The Tea and Sage Poem

By Fady Joudah b. 1971 Fady Joudah
At a desk made of glass,
In a glass walled-room
With red airport carpet,
 
An officer asked
My father for fingerprints,
And my father refused,
 
So another offered him tea
And he sipped it. The teacup
Template for fingerprints.
 
My father says, it was just
Hot water with a bag.
My father says, in his country,
 
Because the earth knows
The scent of history,
It gave the people sage.
 
I like my tea with sage
From my mother’s garden,
Next to the snapdragons
 
She calls fishmouths
Coming out for air. A remedy
For stomach pains she keeps
 
In the kitchen where
She always sings.
First, she is Hagar
 
Boiling water
Where tea is loosened.
Then she drops
 
In it a pinch of sage
And lets it sit a while.
She tells a story:
 
The groom arrives late
To his wedding
Wearing only one shoe.
 
The bride asks him
About the shoe. He tells her
He lost it while jumping
 
Over a house-wall.
Breaking away from soldiers.
She asks:
 
Tea with sage
Or tea with mint?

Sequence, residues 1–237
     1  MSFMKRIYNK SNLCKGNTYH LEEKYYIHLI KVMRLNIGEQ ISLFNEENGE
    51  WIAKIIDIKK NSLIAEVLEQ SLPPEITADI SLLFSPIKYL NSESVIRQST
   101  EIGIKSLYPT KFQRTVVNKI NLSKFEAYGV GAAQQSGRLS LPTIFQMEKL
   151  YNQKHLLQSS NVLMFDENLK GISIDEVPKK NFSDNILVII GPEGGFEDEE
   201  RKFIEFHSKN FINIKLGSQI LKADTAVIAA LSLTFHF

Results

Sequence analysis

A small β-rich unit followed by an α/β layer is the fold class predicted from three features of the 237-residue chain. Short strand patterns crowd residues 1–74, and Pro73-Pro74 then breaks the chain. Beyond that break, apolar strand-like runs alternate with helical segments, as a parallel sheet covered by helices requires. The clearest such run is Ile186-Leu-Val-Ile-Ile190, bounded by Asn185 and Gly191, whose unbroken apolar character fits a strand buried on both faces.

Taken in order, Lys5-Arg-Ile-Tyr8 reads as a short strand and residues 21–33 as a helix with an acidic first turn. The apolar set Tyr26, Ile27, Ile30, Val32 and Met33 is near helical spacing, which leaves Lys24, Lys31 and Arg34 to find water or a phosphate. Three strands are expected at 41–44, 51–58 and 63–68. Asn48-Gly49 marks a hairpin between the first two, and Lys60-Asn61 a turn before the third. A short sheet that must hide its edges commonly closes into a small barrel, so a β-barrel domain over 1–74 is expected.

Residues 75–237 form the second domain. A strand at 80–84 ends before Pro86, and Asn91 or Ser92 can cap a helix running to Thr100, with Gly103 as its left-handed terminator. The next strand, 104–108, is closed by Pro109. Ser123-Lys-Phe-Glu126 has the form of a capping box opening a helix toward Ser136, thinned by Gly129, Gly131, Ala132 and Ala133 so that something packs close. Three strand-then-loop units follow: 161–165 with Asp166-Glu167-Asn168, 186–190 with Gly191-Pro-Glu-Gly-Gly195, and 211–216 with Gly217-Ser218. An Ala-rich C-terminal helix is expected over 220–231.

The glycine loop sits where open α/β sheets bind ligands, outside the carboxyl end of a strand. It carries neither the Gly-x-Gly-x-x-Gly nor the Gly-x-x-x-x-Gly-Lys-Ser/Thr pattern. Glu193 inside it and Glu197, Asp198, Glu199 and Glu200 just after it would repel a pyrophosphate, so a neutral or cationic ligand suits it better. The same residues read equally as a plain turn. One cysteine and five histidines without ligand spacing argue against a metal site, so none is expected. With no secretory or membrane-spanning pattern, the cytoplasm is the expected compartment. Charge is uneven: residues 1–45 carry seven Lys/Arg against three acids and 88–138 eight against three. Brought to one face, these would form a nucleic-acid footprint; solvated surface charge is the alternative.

With sage, he says,
Sweet scent, bitter tongue.
She makes it, he drinks.

Fady Joudah, “The Tea and Sage Poem” from The Earth in the Attic. Copyright © 2008 by Fady Joudah. Reprinted by permission of Yale University Press.

Source: The Earth in the Attic (Yale University Press, 2008)

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Poet Fady Joudah b. 1971

POET’S REGION U.S., Southwestern

Subjects Activities, Eating & Drinking, Relationships, Family & Ancestors

Poetic Terms Free Verse

 Fady  Joudah

Biography

Fady Joudah is a Palestinian American physician, poet, and translator. The son of Palestinian refugees, poet Fady Joudah was born in Austin, Texas, and grew up in Libya and Saudi Arabia. He was educated at the University of Georgia, the Medical College of Georgia, and the University of Texas.

Joudah’s debut collection of poetry, The Earth in the Attic (2008), won the 2007 Yale Series of Younger Poets competition and was a . . .

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Poem Categorization

SUBJECT Activities, Eating & Drinking, Relationships, Family & Ancestors

POET’S REGION U.S., Southwestern

Poetic Terms Free Verse

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Originally appeared in Poetry magazine.

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